The Ku Klux Klan bombing that killed four black girls at the 16th Street Baptist Church in Birmingham helped pass the 1964 Civil Rights Act – landmark legislation that outlawed segregation . He did not address Klan violence.

Horrifying images of Alabama state troopers and white vigilantes brutally beating suffrage protesters in Selma spurred the enactment of the Voting Rights Act of 1965 – landmark legislation that banned the suppression of black voters. It did not address the excessive use of police force against peaceful protesters.

And that was 67 years after the murder of Emmett Till, a black Chicago teenager who had been kidnapped in Mississippi, lynched and thrown into a river after being accused of whistling a white woman, before Congress n passed an anti-lynching law. President Joe Biden signed the bill in late March, more than a year after he used his inaugural address to warn of the rise of white supremacist ideology and domestic terrorism.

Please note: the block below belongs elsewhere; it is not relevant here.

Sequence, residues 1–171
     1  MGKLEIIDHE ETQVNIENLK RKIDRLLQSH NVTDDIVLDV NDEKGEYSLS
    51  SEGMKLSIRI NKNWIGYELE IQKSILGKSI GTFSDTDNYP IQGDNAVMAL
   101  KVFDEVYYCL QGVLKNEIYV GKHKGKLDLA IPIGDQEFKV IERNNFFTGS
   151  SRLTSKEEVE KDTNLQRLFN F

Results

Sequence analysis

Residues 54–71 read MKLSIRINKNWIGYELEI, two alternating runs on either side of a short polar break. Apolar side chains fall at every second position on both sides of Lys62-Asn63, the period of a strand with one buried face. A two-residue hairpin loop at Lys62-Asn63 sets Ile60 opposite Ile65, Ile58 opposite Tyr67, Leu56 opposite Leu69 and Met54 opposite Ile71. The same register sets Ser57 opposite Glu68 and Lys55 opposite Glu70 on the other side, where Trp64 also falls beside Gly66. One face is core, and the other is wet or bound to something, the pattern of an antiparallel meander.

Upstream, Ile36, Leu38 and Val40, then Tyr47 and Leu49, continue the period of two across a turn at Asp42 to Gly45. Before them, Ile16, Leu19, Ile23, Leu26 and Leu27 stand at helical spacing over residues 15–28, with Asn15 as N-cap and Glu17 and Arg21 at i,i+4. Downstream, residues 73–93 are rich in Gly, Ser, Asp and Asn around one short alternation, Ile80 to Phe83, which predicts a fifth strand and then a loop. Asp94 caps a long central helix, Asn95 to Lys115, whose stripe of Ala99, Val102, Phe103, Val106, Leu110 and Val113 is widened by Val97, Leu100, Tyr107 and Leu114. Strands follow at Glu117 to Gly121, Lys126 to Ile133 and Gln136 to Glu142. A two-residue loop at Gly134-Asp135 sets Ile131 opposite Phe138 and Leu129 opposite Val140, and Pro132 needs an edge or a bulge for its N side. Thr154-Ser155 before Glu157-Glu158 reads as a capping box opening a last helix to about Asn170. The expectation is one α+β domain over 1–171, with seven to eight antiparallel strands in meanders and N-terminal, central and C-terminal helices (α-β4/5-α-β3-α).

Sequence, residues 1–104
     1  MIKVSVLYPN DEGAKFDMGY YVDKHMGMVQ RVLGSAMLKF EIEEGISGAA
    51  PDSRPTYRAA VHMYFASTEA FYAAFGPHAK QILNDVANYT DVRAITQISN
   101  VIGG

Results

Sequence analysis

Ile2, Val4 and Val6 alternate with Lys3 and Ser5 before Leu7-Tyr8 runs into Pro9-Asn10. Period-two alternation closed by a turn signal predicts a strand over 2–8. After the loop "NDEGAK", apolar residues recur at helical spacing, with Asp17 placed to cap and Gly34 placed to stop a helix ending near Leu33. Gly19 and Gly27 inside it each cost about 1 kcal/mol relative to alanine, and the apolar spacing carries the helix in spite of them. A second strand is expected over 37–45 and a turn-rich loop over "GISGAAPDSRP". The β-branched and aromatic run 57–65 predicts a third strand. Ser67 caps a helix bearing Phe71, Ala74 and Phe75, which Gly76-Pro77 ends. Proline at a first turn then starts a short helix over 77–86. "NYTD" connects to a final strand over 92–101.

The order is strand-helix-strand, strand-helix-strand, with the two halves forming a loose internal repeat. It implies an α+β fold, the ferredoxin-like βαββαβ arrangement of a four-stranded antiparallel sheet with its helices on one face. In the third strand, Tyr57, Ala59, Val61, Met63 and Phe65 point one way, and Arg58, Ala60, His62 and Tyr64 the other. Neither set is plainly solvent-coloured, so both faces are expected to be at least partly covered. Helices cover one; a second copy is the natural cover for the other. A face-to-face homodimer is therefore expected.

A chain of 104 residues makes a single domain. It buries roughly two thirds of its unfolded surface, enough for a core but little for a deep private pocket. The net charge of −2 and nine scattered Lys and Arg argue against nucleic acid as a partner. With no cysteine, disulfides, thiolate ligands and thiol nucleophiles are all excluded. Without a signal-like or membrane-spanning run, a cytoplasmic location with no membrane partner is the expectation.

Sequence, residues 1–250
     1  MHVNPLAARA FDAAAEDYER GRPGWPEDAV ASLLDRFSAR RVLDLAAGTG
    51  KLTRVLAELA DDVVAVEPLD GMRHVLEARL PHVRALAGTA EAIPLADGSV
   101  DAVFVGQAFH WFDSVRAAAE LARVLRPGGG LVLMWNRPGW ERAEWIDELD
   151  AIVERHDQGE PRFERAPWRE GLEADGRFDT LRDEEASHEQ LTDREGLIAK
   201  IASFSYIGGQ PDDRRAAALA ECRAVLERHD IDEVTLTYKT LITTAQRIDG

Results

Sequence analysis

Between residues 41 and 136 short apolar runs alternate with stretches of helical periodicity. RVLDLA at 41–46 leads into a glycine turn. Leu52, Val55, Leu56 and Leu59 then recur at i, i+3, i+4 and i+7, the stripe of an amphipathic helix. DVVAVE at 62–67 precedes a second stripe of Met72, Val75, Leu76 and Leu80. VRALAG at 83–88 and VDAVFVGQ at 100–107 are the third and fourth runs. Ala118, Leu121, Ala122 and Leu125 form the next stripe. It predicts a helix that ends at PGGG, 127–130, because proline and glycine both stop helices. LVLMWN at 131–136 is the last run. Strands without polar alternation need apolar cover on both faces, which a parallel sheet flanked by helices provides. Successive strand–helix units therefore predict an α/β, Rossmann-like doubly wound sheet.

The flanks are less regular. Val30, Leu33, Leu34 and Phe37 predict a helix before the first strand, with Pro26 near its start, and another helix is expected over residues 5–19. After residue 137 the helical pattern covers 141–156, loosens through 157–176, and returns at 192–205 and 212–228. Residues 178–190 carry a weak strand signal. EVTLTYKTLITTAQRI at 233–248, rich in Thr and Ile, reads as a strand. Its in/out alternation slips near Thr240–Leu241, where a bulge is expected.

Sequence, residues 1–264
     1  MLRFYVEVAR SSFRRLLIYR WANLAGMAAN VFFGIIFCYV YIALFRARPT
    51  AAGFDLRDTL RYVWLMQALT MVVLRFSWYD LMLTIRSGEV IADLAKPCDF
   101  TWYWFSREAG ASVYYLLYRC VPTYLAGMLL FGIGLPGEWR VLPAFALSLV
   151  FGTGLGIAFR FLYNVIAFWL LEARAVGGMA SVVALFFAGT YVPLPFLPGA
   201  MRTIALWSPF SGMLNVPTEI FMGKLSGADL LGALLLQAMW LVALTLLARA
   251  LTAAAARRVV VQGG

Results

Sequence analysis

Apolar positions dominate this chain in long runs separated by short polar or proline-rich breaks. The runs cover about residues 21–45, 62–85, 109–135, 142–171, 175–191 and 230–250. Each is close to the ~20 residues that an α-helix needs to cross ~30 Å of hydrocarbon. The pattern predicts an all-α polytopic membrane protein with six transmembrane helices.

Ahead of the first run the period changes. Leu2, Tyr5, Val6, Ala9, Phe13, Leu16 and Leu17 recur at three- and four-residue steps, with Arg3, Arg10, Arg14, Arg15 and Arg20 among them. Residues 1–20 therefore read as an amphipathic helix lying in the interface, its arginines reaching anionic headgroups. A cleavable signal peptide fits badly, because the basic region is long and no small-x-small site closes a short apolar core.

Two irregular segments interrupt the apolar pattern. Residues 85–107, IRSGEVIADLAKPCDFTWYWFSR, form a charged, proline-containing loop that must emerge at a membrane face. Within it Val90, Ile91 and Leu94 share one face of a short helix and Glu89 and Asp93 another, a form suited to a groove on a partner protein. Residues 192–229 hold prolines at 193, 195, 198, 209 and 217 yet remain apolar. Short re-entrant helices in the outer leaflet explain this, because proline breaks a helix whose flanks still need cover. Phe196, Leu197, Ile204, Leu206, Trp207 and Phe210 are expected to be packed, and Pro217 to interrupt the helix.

“White supremacy is poison,” Biden reiterated Tuesday during a visit to Buffalo. “We need to say as clearly and forcefully as possible that white supremacist ideology has no place in America.”

As the coronavirus pandemic gave rise to anti-Asian hate crimes, Congress quickly enacted legislation that encourages reporting of these crimes. It also gave law enforcement more resources to handle the increase in reports.

But now, in the wake of the white supremacist attack in Buffalo, black civil rights advocates are wondering if they’ll see the same haste from lawmakers on anti-black hate crimes. The House passed legislation late Wednesday night that would bolster federal resources to prevent domestic terrorism in response to the mass shooting. Supporters of the House bill say it will help officials better track and respond to the growing threat of white extremist terrorism. But the bill has yet to receive Senate approval.